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10 Great Interviewing Techniques for Small Business Owners
Conducting a successful interview with potential new candidates goes beyond just running through some simple questions to check their competencies.
Excellent interviewers know that how they phrase their questions can elicit responses that reveal more about the candidate’s skills and personality and whether they’re a good match for your team.
For small business owners, interviewing candidates may be a whole new area that they have little experience in. It’s not uncommon for small business owners and managers to be nervous about interviews.
Interviews are especially important in small businesses as new employees will have a noticeable impact on the team and on the growth and success of the business.
Small business owners want to focus on finding diligent, hardworking employees who will make immediate contributions to the business and bring about positive progress in their job role. How do you find them? We’ve put together ten interviewing techniques and sample questions that will help you to identify the best candidates.
An interview is just as much about whether a candidate wants to work for your business as it is whether they are the person that you want to hire. Both parties need to make a good impression, so make sure to prepare your questions in advance before stepping into the interview room.
1. What is the Candidate Looking For?
Before diving into questions about the job role and figuring out if the candidate has the right skills to fill those boots, find out what it is the candidate wants to get from their new job.
- Do they want to get their hands dirty and tackle a new challenge?
- Are they looking for more flexible work arrangements?
- Is their decision to look for a new job a financially motivated one?
Instead of asking
“Why do you want to work for us?”
rephrase the question to be:
"What are your top three criteria for your next job?"
It’s a comfortable question but one that will highlight some key information for you. Finding out the answer to this question may even show that your job and this candidate aren’t a match — for example, they may not have the availability you need or the ability to commit to a small business. Better to find out right away!
2. What Makes This Candidate Tick?
Next, you want to find out what this candidate would consider a great day at work, or a great week, or a great year! Start off by asking a question like:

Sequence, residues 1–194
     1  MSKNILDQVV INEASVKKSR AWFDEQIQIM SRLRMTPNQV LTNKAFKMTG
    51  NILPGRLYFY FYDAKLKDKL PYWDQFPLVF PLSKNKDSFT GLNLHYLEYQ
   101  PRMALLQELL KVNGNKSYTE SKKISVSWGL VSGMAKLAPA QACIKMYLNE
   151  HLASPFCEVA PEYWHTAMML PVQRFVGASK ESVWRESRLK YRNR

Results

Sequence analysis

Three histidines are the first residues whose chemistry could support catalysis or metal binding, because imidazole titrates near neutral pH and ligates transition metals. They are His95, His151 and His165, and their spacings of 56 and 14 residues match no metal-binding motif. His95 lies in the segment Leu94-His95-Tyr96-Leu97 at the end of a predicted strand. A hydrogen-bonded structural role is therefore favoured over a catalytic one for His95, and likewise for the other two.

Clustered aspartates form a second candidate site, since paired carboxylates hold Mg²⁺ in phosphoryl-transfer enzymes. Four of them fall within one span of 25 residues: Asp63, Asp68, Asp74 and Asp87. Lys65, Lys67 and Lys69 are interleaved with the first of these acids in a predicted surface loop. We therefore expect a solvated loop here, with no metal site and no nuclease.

When you hit the sofa after work and reflect on your day, what parts of your day make you smile?
The aim here is to get the candidate into a zone where they’re really imagining the end of a great work day. Not only does this give the candidate the impression that your workplace is somewhere they can have great work days, but this way you’re more likely to get some honest answers and gain insight into what they like about work (do they enjoy team projects, complex problem solving, contributing new ideas, organising? etc.)
3. Will They Gel with You as a Manager?
You're interviewing this person to see if they could be a valuable member of your team, so you want to find out whether you and they can work together effectively.
The best way to discover this is through asking about their past experiences with their managers. Here's a good line of questioning for finding this out:
Tell me about a past boss or manager who brought out the best in you. What did they do that particularly motivated/inspired you?
Follow up with:
...and what about a manager who brought out the worst in you? What did you find difficult about working with them?
The aim of these questions is to:
- See what managerial styles the candidate responds well to and whether that fits with your own style of management
- Get an idea of whether the candidate prefers to follow set rules, or is an independent thinker
- Uncover their attitude towards management and how they describe other people – are they positive or negative? Are they judgemental or understanding?
4. How Would This Candidate Get on with the Team?
When hiring new employees, you want to make sure that they're a good cultural fit for your organisation.